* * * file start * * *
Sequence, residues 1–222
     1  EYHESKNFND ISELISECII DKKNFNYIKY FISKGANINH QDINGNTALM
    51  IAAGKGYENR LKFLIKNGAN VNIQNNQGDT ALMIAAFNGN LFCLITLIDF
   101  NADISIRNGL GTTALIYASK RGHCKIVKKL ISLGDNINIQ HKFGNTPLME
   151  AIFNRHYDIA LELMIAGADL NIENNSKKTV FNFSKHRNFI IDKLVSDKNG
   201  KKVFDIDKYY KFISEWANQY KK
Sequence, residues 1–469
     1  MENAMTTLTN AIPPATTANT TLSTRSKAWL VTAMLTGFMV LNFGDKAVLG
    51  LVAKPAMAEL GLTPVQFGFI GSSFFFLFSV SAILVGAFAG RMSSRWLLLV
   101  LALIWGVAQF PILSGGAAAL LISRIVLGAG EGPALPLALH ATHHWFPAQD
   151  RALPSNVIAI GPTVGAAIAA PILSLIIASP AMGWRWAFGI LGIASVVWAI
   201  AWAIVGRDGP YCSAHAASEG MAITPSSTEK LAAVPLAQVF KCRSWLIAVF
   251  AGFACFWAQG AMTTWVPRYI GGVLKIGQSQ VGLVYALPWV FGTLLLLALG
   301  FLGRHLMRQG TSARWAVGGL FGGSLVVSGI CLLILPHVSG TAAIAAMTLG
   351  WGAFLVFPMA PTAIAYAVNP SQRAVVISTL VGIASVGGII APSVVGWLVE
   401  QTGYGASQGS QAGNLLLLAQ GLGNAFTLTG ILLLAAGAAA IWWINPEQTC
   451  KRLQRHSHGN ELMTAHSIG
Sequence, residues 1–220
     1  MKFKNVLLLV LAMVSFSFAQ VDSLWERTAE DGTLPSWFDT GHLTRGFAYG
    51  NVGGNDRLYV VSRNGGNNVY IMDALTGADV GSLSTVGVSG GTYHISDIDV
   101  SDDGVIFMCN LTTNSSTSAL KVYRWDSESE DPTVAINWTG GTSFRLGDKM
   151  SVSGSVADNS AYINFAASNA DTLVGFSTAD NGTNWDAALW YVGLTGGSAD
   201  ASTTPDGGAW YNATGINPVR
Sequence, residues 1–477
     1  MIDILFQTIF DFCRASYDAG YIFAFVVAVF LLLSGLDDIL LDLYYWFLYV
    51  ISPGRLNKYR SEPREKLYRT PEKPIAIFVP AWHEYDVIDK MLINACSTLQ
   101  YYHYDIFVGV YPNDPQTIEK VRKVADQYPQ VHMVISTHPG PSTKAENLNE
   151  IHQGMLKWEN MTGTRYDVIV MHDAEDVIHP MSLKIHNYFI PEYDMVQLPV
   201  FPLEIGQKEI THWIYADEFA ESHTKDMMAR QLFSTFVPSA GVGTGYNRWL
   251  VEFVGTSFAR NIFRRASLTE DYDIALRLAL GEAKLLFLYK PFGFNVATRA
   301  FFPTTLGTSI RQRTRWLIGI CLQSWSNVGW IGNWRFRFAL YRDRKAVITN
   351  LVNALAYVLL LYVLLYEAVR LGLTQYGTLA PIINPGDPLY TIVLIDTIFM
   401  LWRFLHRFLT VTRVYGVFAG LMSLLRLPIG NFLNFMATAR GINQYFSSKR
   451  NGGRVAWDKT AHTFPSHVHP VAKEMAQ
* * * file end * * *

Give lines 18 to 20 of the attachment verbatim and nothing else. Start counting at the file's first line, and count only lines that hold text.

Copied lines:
Sequence, residues 1–220
     1  MKFKNVLLLV LAMVSFSFAQ VDSLWERTAE DGTLPSWFDT GHLTRGFAYG
    51  NVGGNDRLYV VSRNGGNNVY IMDALTGADV GSLSTVGVSG GTYHISDIDV